Medical animation has in recent years become an increasingly important tool for conveying niche information to a varied audience, particularly to those audiences without expertise in the specialist area. Science programmes today, for example, have moved from the piece-to-camera of the university professor explaining how a complex disease mechanism works, to actually showing the viewer first-hand what it might look like to shrink ourselves down to the size of an ant’s foot, and travel inside the human body to witness these processes in action. Effectively communicating a complex disease pathophysiology, or the novel mechanism of action of a new drug, can be complex. This is especially difficult when the audience domain knowledge is limited or non-existent. Medical animation can help with this communication challenge in several ways.
Improved accessibility to visualisation
Visualisation is a core component of our ability to understand a concept. Ask 10 people to visualise an apple, and each will come up with a slightly different image, some apples smaller than others, some more round, some with bites taken. Acceptable, you say, we can move on to the next part of the story. Now ask 10 people to visualise how HIV’s capsid protein gets arranged into the hexamers and pentamers that form the viral capsid that holds HIV’s genetic material. This request may pose a challenge even to someone with some virology knowledge, and it is that inability to effectively visualise what is going on that holds us back from fully understanding the rest of the story. So how does medical animation help us to overcome this visualisation challenge?

CSL ac­cus­es ri­val Pharm­ing of par­tic­i­pat­ing in a scheme to rip off IP on HAE while re­cruit­ing se­nior R&D staffer

Pharming has landed in the middle of a legal donnybrook after recruiting a senior executive from a rival R&D team at CSL. The Australian pharma giant slapped Pharming with a lawsuit alleging that the Dutch biotech’s new employee, Joseph Chiao, looted a large cache of proprietary documents as he hit the exit. And they want it all back.
Federal Judge Juan Sanchez in the Eastern District Pennsylvania court issued an injunction on Tuesday prohibiting Chiao from doing any work on HAE or primary immune deficiency in his new job and demanding that he return any material from CSL that he may have in his possession. And he wants Pharming to tell its employees not to ask for any information on the forbidden topics.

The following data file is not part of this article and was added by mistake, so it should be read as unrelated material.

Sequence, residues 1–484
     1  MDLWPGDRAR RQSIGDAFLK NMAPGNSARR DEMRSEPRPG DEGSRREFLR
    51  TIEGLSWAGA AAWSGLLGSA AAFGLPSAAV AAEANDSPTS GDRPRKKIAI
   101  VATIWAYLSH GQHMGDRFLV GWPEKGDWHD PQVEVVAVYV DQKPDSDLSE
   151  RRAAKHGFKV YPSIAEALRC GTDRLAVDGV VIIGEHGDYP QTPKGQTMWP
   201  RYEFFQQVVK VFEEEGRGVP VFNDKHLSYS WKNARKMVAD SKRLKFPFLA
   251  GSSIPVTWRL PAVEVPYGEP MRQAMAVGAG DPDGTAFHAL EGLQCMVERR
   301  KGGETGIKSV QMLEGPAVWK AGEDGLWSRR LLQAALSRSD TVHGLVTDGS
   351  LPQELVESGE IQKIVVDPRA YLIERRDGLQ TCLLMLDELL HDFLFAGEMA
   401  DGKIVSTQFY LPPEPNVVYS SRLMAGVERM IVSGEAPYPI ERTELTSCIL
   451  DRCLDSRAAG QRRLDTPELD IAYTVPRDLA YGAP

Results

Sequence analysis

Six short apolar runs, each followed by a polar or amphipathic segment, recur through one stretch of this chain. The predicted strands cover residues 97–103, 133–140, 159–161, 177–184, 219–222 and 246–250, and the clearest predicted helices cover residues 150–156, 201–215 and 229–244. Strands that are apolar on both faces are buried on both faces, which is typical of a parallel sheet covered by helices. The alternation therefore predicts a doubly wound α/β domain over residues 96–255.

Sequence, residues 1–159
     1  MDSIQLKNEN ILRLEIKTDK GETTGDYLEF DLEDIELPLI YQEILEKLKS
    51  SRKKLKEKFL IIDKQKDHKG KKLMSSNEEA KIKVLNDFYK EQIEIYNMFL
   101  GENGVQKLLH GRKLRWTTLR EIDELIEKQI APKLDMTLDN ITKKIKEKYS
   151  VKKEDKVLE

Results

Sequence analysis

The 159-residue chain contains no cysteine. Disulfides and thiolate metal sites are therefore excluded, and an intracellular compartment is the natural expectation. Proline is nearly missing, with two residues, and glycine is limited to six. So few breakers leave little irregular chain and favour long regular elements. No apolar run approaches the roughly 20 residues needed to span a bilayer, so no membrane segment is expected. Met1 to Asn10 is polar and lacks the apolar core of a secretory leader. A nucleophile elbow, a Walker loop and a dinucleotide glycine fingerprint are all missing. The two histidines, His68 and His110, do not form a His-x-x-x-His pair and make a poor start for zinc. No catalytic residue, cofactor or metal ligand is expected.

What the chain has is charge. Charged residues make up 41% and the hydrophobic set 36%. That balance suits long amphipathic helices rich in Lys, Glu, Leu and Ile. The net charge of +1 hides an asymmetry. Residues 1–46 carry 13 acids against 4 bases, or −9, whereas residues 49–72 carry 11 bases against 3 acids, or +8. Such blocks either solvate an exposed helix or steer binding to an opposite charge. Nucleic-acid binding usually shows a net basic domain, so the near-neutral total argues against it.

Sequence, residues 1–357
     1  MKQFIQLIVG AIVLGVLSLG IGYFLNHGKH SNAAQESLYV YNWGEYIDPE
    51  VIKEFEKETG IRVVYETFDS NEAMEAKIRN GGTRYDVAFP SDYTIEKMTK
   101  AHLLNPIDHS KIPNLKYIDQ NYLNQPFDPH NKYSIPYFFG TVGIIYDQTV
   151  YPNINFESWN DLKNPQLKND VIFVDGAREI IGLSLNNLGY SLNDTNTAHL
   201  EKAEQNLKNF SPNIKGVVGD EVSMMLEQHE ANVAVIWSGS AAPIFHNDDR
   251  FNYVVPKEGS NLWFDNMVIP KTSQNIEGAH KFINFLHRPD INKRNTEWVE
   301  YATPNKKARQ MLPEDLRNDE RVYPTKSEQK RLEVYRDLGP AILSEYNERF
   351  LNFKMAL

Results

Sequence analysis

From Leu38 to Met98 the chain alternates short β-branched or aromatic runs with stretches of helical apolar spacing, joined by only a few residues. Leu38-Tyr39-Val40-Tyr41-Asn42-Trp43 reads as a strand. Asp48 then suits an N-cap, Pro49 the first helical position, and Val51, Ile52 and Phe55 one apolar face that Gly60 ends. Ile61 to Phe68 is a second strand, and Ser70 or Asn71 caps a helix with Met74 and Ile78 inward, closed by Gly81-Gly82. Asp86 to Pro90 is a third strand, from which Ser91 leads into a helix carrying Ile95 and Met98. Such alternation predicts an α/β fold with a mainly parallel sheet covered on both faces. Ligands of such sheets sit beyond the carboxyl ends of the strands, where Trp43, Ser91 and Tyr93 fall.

For its part, Pharming fired off an indignant response this morning denying any involvement in extracting any kind of IP from CSL, adding that it’s cooperating in the internal probe that CSL has underway.

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UP­DAT­ED: Alex­ion pays $930M to buy out Achillion and its promis­ing com­pan­ion drug to Soliris

After a series of stock-crunching setbacks over the years, Achillion enjoyed a turn in the sun a few weeks ago as the FDA blessed their lead drug danicopan (ACH-4471) — a complementary therapy for PNH patients taking Alexion’s Soliris — with a breakthrough drug designation after taking a look at some solid supporting Phase II data.

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Hal Barron, GSK's president of R&D and CSO, speaks to Endpoints News founder and editor John Carroll in London at Endpoints' #UKBIO19 summit on October 8, 2019

[Video] Cel­e­brat­ing tri­al fail­ures, chang­ing the cul­ture and al­ly­ing with Cal­i­for­nia dream­ers: R&D chief Hal Bar­ron talks about a new era at GSK

Last week I had a chance to sit down with Hal Barron at Endpoints’ #UKBIO19 summit to discuss his views on R&D at GSK, a topic that has been central to his life since he took the top research post close to 2 years ago. During the conversation, Barron talked about changing the culture at GSK, a move that involves several new approaches — one of which involves celebrating their setbacks as they shift resources to the most promising programs in the pipeline. Barron also discussed his new alliances in the Bay Area — including his collaboration pact with Lyell, which we covered here — frankly assesses the pluses and minuses of the UK drug development scene, and talks about his plans for making GSK a much more effective drug developer.